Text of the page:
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4.0 out of 5 stars Romero's Take on the King Arthur Legend Dec 4 2003
Format:DVD
After huge success with "Dawn of the Dead," independent filmmaker George A. Romero signed a 3-picture deal with United Film Distribtuion Company, the studio that put "Dawn" in theatres. Instead of playing safe with another horror film, Romero jumped genres to the adventure/drama "Knightriders" concerning a traveling fair that live by the code of King Arthur, Camelot and the Knights of the Round Table. Basically think "Easy Rider" meets "Excalibur."
Life is great for this large family until the outside world steps in with promises of fame and fortune. King Billy (a fantastic Ed Harris!) wants to live a simple life free from money and greed. However, others led by the black knight Morgan (special effects artist Tom Savini in an equally good performance) simply want to survive. Soon, this family unit splits in half with those devoted to Billy and others to Morgan.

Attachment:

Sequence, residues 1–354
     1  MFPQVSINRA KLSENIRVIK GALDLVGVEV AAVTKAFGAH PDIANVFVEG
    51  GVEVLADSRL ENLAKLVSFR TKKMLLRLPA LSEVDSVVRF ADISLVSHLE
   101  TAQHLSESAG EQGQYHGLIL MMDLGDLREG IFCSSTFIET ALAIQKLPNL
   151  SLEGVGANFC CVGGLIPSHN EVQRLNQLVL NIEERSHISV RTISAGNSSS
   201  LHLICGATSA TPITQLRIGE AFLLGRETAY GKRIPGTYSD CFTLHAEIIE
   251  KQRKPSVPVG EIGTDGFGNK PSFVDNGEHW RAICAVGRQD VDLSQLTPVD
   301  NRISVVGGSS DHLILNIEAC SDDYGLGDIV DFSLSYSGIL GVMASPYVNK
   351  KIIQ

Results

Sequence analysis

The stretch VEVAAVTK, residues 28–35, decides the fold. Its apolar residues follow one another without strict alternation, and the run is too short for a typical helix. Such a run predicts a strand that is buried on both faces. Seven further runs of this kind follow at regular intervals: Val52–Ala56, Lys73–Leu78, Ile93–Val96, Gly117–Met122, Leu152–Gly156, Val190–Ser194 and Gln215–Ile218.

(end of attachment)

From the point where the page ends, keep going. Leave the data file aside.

Writer/director Romero has said in the past that "Knightriders" is his favorite of his films. It shows when watching the film. This is Romero's epic filled with great scenery, scope and performances. The film's premise is a bit odd, but it's best strength is it's ability to come off as believeable. Also worth noting are the well-filmed scenes involving the knights jousting.
However, one can't help but complain towards the film's length. At 145 minutes, it's just too long. Sure it's an epic, but you can only have so much in one film. A good 20-25 minutes could have been dropped and would have made "Knightriders" a better film. Despite the argument for the length (and a few too many B-plots), "Knightriders" remains one of Romero's best films.
The DVD is a nice presentation with an anamorphic widescreen transfer showcasing the lush cinematography of D.P. Michael Gornick.
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4.0 out of 5 stars One of Romero`s Best Work as a Director. Jan. 15 2002
Format:DVD